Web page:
In this article, we show you how you can design parabolic reflectors from first principles with any CAD software. Here at Stratnel, we offer design advisory and printing services and enable designers to use additive manufacturing to move quickly and get more done.
Reflectors are used in applications like industrial lighting, stage spotlights, home lighting, signal collection in antennas, directional microphones, speaker enclosures, infrared heaters, ultrasound sensors, etc.
The common geometrical shapes used are spherical, ellipsoidal, paraboloidal and hyperboloidal. These shapes are simple conic sections. Reflectors use any of these shapes or sometimes a combination of these shapes to increase the effectiveness of signal collection and transmission.
All of them have different characteristics. These geometrical shapes can be used appropriately to increase the effectiveness of the design. For instance a parabolic reflector will generate parallel beams when the source is in the focal point. We will discuss designing parabolic reflectors/collectors and 3D printing them. Any conical section shape can be designed and 3Dprinted with additional features, using similar principles.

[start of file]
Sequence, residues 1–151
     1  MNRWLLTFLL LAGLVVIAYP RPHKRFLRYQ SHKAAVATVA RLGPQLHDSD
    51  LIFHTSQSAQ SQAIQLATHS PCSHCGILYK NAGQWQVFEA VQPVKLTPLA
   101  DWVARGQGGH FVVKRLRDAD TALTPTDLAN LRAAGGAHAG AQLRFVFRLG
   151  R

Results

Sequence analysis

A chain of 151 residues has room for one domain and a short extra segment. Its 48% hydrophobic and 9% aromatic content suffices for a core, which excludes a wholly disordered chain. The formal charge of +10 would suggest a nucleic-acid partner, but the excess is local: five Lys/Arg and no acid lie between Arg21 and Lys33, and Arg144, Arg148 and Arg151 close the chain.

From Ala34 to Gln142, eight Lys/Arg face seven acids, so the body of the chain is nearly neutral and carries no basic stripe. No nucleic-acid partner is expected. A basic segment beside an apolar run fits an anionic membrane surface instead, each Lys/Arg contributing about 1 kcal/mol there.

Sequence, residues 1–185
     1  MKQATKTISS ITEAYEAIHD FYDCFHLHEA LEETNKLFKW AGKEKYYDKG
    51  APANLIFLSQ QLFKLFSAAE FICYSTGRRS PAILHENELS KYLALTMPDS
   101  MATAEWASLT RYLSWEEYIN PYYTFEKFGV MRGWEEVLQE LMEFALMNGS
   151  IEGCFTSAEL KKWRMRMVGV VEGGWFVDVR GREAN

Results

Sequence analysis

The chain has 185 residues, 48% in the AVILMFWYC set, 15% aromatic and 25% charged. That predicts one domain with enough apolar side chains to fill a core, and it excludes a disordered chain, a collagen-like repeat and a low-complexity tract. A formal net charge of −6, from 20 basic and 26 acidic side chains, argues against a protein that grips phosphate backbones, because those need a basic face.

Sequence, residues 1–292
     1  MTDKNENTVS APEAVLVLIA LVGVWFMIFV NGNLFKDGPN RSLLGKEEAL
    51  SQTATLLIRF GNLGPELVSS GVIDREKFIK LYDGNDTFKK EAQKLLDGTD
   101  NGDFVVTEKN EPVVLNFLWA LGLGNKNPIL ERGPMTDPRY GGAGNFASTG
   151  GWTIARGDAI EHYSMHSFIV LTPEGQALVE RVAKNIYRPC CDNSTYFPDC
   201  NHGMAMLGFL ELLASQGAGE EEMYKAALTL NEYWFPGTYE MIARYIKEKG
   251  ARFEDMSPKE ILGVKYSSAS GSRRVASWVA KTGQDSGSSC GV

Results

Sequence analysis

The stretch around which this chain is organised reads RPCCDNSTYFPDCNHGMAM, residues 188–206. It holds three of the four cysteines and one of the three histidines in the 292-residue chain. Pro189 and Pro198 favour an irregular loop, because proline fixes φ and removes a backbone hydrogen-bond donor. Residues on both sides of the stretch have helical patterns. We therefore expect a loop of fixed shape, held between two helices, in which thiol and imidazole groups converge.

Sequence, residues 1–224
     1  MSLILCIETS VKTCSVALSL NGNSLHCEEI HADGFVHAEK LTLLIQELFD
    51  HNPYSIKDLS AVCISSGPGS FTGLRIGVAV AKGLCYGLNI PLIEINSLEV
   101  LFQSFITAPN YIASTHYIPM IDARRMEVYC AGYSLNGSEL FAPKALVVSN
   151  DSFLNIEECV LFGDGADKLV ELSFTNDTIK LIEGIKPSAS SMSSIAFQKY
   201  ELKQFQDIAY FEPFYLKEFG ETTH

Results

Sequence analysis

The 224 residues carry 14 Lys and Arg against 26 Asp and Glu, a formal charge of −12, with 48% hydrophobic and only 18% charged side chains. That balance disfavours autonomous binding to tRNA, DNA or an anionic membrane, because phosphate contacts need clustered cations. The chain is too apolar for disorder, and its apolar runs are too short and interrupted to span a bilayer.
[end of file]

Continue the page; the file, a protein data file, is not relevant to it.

Here is a way to model in Autodesk Fusion 360 from first principles.
Andrew Sears from Autodesk support mentioned this method in the Fusion360 user forum. I have explained the steps involved in more detail.
The design steps in Autodesk Fusion 360 are based on the space available. We may start with some basic parameters like the diameter
D and height
h. Let us consider
Construct a triangle with
Draw a line from the mid point of base which is perpendicular to the hypotenuse. Let us call this offset
distance and measure it. In this case it happens to be
Revolve the area enclosed by hypotenuse, base and axis around the axis line to generate a conical body.
Generate a tangent plane and copy (or move) it by the offset distance (33.282) so that it will pass through the intersection of offset distance line and the base line and split the body.
The splitting plane has the parabola we need. We now copy the parabolic curve and offset the curve outside for required thickness ( say 3 mm) and revolve the section to get the parabolic reflector we started with.
3D printing is a great way to get from design validation, through functional testing, and manufacturing small batches.
You may also consider aesthetics, ease of printing, mounting arrangements etc. as you iterate with your 3D printing service provider. Here is an example of a parabolic reflector with integrated mounting fixture.